Tuesday, January 8, 2013

Industry leaders predict a great year for regenerative medicine

The Alliance for Regenerative Medicine (ARM) held its third annual “State of the Industry” briefing this morning at the Biotech Showcase that occurs every January in San Francisco. These events bring together the leadership of companies seeking to develop new therapies with the investors needed to fund their work and can be tense affairs. The two groups often don’t see eye-to-eye on predicting the future of the field.

This morning, both sides agreed, the industry is at an “inflection point.” The phrase was first used by Gil Van Bokkelen, CEO of Athersys and immediate past chair of ARM, for which CIRM is a founding member. He was one of eight industry executives who uniformly predicted 2013 would be marked by significant advances in bringing stem cell and other regenerative therapies to patients. In the investor analyst panel that followed the execs, two of the speakers said they agreed the year could be an inflection point.

The speakers on both sides of the fence sited many reasons for why this year would be special, but the number one reason seemed to be data. Many companies are poised to release extensive data on clinical trials this year, and not just data from phase one trials that are designed to show safety, but also from later stage trials that are predicted to show benefit, and most important, measurable, well defined benefit.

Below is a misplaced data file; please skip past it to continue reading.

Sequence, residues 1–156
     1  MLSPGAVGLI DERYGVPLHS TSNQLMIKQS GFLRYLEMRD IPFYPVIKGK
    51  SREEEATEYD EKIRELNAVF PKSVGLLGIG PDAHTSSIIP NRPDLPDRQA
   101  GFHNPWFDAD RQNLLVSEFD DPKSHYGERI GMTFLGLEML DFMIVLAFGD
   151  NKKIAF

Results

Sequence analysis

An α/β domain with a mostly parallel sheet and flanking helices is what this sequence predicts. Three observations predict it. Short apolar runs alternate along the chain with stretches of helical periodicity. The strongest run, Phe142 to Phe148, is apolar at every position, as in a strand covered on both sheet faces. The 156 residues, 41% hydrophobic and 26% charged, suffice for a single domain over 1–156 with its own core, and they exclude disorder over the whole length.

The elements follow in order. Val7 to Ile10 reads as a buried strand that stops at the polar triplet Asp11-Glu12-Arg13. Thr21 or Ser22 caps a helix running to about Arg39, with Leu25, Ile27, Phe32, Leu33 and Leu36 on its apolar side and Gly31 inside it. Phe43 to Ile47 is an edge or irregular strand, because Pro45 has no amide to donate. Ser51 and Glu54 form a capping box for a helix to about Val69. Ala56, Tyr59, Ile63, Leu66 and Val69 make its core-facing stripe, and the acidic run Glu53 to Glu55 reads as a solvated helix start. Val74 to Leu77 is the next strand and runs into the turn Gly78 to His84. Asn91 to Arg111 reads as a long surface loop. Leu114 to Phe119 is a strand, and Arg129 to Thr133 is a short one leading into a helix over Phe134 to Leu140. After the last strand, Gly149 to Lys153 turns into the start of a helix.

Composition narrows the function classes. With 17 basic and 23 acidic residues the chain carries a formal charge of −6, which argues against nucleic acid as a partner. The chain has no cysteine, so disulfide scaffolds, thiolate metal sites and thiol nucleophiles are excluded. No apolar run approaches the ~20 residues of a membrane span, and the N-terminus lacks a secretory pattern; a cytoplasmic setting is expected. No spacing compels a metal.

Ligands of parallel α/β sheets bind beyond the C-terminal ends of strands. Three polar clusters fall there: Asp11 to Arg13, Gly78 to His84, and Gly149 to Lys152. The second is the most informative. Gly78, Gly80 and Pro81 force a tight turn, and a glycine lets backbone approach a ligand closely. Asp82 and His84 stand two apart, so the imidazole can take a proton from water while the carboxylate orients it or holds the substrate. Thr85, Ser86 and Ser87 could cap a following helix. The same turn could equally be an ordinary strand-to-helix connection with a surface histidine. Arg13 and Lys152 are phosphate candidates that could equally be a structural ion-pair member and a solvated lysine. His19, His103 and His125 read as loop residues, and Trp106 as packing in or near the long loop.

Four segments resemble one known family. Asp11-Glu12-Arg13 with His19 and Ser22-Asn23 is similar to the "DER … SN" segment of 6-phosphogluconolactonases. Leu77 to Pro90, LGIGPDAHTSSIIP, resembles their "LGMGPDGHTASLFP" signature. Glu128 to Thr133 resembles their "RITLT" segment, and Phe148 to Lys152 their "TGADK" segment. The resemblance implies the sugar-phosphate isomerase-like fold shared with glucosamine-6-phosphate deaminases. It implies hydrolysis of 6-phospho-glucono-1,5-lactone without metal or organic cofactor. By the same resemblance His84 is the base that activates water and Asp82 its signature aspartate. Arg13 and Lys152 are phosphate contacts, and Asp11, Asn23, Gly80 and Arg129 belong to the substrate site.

Other reasons for optimism from the panelists included:
  • Early trials have shown a consistent record of safety from cell transplants;
  • Most of the companies are aiming for patient populations where there are large and clear unmet medical needs and this point is starting to register with investors and big pharmaceutical companies that have the capacity to take therapies to the market;
  • The impact of already approved products, such as the wound healing skin cells from Organogenesis and Shire, are having a growing impact on medical practice;
  • The number of products making into approved clinical trials has improved the regulatory landscape so firms have a clearer idea of what the federal Food and Drug Administration wants to see before they approve clinical trials.
Jason Kolbert, Senior VP of Biotechnology at the Maxim Group, an investor analysis firm, summed up the mood in the room. “For years everyone saw the potential in these therapies but increasingly we are seeing the data to show that these therapies and products are starting to live up to that potential.”

D.G.

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